Throughout the 60s, 70s and 80s, Marvel comics ran muscle-building or bodybuilding ads that appealed to people wanting to get stronger and physically fit. Whether it was Charles Atlas promising to turn you into a He-Man or Mike Marvel saying you could transform your body without any exercise at all, a repeating theme throughout that period was the unrealistic expectations used; an indication that advertising regulations and standards weren’t as strict as they are today.
In Fantastic Four, Issue #173, 1976 was an ad for the ‘World Famous New American Physique Chest Developer’ that claimed it could add 2 to 4 inches to your chest in 14 days. If that didn’t set alarm bells ringing, within the same ad was a mini-ad that claimed to add 2 to 7 inches to your height in a few weeks, 100% guaranteed.
In Tales to Astonish Starring the Sub-Mariner, Issue #8, 1980, we were told that “Strong arms make all the difference”. To what exactly, we don’t know. But in just 10 minutes a day you’d get fantastic strength with muscles of steel.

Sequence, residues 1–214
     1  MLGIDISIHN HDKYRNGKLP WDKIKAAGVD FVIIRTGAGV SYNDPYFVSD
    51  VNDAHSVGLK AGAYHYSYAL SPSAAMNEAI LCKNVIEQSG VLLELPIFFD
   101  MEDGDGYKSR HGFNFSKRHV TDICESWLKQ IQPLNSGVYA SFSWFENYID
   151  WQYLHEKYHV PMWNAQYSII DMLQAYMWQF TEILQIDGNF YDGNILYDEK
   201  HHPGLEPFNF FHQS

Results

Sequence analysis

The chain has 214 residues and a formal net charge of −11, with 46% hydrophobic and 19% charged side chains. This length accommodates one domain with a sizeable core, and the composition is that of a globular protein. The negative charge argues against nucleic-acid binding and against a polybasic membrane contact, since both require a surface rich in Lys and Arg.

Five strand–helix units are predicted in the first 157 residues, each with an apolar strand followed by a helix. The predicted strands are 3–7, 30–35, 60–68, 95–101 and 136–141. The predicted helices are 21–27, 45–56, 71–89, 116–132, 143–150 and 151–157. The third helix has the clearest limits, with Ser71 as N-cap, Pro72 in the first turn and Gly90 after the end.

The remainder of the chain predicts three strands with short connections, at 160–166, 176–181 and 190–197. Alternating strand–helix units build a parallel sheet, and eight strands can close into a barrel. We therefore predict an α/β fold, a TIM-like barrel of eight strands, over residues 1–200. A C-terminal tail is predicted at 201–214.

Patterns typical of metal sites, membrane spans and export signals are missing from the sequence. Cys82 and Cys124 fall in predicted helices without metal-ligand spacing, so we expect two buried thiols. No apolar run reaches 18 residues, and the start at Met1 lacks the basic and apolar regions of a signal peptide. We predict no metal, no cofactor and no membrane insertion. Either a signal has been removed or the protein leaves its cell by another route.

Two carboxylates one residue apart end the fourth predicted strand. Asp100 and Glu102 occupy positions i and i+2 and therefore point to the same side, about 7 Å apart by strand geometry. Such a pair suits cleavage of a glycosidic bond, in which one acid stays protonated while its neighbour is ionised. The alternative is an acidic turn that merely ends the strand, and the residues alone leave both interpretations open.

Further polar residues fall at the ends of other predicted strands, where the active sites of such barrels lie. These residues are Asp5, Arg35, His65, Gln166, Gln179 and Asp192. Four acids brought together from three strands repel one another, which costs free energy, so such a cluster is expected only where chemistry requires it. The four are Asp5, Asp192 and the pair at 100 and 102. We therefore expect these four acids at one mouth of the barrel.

Let’s not forget about the Super Bodybuilding Course in Sub-Mariner, Issue #59, 1972. Totally legitimate testimonials claimed a 5 inch gain on arms while losing 3 inches of the waist, and 30 pounds gained in 45 days. Not a bad transformation for a “skinny weakling”.
As the 90s approached, perhaps one could think bodybuilding advertising could tone it down a bit and be a bit more realistic. The above ad from Fantastic Four versus the X-Men, Issue #2, 1987, proved that to be wishful thinking. The above ad hinted you could get an Atlas Body in 7 days and a 300 lbs bench press in 3 months.
Once bodybuilding supplements hit the shelves and became more widespread, the claims became more outlandish. Protein powders, creatine supplements and testosterone boosters were just a few of the products that were spun to make people believe that manufacturers had stumbled upon powerful ingredients to pack on muscle size fast.